Guidance for corporate trustees and trustee bodies managing NHS charitable funds
This guidance has been updated following the confirmation that government accounting rules require in certain circumstances the results of an NHS charity to be consolidated with those of its linked NHS body.
1 Background to this guidance
1.1 The trustees or corporate trustee of an NHS charity have specific duties under charity law. These duties include preparing their accounts under the Charities Act 2011 and filing these with the Charity Commission within 10 months of their financial year end.
1.2 NHS charities may also be asked to provide separate information to their linked NHS bodies to facilitate their linked NHS body's compliance with the government accounting framework for the NHS and public funds. This is likely to result in the consolidation of NHS Charities into the group accounts of the linked NHS body where the NHS body has the power to control and benefit from the related charities administered by that NHS Body as corporate trustee.
1.3 Following consideration of the HM Treasury appointed Review Group reports and discussions at the Financial Reporting Advisory Board, the Relevant Authorities within central government and the NHS have decided to apply IAS 27 to NHS Organisations in respect of linked charitable trusts from 1 April 2013.
1.4 Advice on the application of the NHS accounting framework should be obtained in the case of:
- Primary Care Trusts and NHS Trusts from their Strategic Health Authority Performance Manager
- NHS Foundation Trusts from the Lead Technical Accountant at Monitor
1.5 NHS bodies report under government accounting rules whilst NHS Charities will continue to report as charities under the Charities Act 2011.
2 Separate accounting duties of an NHS body and any related NHS Charities
2.1 The requirement to prepare group accounts by an NHS body, which consolidates a related NHS charity, is a separate and distinct duty from those of the corporate body when acting as managing trustee. As managing trustee, the corporate trustee is subject to the separate reporting requirements of the Charities Act 2011 and the charities SORP.
2.2 An NHS charity has separate duties of accountability to its donors and other stakeholders which are met in part through the preparation and filing with the Charity Commission of a separate Trustees’ Annual Report and accounts for the NHS charity. A separate audit or independent examiner’s report on the NHS charity’s accounts is also required by the Charities Act 2011.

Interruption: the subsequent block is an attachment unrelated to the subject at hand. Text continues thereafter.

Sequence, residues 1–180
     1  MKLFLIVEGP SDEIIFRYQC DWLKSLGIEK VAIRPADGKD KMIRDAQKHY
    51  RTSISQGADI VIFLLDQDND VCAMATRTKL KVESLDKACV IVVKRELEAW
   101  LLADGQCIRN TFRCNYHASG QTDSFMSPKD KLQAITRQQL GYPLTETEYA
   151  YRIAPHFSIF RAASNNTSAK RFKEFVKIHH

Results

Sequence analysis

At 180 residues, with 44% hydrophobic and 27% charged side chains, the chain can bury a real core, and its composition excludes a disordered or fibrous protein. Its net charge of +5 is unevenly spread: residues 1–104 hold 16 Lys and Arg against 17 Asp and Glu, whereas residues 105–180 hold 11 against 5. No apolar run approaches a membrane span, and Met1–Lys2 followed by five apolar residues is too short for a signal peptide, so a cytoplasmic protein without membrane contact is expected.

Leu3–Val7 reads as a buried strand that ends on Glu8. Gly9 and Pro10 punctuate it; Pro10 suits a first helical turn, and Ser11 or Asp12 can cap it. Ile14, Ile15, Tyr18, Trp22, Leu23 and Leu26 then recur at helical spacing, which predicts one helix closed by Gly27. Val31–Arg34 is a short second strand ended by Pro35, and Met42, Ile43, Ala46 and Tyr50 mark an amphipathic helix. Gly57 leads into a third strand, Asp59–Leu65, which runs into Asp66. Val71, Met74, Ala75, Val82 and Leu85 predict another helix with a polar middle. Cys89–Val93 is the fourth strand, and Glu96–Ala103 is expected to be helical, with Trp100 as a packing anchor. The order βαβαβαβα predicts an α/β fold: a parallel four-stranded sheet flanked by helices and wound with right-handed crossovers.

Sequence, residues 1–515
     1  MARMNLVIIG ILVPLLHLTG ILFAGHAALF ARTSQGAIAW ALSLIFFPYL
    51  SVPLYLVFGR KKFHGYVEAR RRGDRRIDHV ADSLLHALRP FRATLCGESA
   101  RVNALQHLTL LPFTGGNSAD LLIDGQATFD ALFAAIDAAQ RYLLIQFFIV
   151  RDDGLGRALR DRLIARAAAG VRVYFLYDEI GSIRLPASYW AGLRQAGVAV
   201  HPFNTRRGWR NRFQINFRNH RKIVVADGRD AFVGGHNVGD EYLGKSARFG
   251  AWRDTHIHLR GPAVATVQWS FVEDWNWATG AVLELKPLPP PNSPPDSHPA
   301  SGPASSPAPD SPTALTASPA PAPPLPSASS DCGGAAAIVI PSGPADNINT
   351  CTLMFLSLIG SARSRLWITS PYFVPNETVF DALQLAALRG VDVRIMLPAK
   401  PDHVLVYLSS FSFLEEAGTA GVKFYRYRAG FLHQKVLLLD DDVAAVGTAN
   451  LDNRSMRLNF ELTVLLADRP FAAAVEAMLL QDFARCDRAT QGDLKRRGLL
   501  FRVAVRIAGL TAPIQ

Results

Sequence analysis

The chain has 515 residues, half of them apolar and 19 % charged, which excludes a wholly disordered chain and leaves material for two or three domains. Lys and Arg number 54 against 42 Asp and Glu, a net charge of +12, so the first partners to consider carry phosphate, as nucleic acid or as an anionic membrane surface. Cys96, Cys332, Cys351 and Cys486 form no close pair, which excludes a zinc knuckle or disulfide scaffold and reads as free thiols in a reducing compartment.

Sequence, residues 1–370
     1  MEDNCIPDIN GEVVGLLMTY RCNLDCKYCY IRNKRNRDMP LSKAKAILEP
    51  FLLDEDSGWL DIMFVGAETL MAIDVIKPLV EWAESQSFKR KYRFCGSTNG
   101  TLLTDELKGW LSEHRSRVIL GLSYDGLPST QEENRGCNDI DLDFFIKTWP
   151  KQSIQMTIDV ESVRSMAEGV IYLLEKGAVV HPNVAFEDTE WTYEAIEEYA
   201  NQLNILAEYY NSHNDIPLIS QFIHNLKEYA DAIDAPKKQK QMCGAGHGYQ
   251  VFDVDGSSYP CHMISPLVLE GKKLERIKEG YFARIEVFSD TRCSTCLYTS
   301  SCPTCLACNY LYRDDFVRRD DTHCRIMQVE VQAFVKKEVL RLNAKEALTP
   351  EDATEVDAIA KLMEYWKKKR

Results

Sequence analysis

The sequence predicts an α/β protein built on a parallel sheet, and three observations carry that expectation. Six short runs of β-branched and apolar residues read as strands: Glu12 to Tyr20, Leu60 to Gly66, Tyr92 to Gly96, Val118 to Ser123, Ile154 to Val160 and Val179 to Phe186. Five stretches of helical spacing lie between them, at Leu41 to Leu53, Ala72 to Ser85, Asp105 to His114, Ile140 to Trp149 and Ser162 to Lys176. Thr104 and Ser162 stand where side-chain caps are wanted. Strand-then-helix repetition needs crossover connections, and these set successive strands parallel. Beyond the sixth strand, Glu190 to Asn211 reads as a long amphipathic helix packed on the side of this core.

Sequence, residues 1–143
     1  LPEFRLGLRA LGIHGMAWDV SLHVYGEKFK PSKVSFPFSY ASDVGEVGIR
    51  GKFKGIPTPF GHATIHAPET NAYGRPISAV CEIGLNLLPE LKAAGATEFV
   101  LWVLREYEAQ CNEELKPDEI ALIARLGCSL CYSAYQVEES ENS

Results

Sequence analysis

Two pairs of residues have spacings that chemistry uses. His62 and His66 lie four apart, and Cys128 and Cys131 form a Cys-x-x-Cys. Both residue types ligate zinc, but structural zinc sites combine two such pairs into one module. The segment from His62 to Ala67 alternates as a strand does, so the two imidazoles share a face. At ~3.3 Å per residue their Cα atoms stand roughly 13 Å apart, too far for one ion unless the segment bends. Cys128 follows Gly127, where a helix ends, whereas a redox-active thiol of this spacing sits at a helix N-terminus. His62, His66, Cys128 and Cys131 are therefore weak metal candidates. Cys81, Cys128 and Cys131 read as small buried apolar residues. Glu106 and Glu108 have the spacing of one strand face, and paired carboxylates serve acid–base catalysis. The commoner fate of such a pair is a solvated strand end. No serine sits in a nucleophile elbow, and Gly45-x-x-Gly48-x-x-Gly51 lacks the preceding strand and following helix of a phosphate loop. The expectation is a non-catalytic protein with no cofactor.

3 The Commission's view
3.1 NHS charities remain clearly within our regulatory ambit. The Commission's regulatory interest is in ensuring that charities are independent and that charity trustees, including corporate trustees, recognise that a charity exists to pursue its own purposes and not to carry out the policies or directions of any other body.
3.2 Consolidation may incorrectly affect the public perception as to whether charities are independent and so it is of vital importance that NHS Bodies and their senior managers understand that this accounting treatment must not impact in any way on the legal integrity of trusteeship or on the requirements for trustee independence.
4 Trustee independence
4.1 The defining characteristics of a charity include independence, public benefit and being established exclusively for charitable purposes. Upon initial registration, a charitable trust will have been considered to be independent of any public authority.
4.2 In interpreting the governing document to establish whether the trustee is able to act independently of its interests as a public authority, the Commission will consider primarily the constitutional provisions, but it may also in addition consider how the trust operates in practice. For guidance on how independence is demonstrated by NHS corporate trustees and trustee bodies refer to our separate guidance NHS charities and independence, indicators and evidence.
4.3 Where a charity is constituted as an independent charity but the trustees are administering and managing it directly in the interests of an NHS body, as opposed to the interests of its beneficiaries and in so doing compromising its own independence, the trustees may be committing a breach of duty. Such a breach of duty is capable of remedy through a change in behaviour by the NHS body and the trustee(s). Steps will need to be put in place to respect the independence of the charity (refer to our separate guidance NHS charities and independence, indicators and evidence. If steps are not taken to preserve independence then the trustee(s) should file a Serious Incident Report. The trustee(s) should also consider appropriate disclosure within their Trustees' Annual Report.
5 Would the transfer of trusteeship of charitable funds from corporate trustee to a trustee body avoid consolidation?
5.1 The form of trusteeship for NHS charities is set out in the NHS Act 2006 and NHS (Wales) Act 2006. Corporate trustees that consider an independent trustee body would be a more appropriate form of trusteeship (for whatever reasons) should contact the Department of Health or the Department for Health and Social Services in Wales.
5.2 The Charity Commission is unable to give advice on issues of transfer of trusteeship as these are reserved matters for the Department of Health or Welsh Assembly.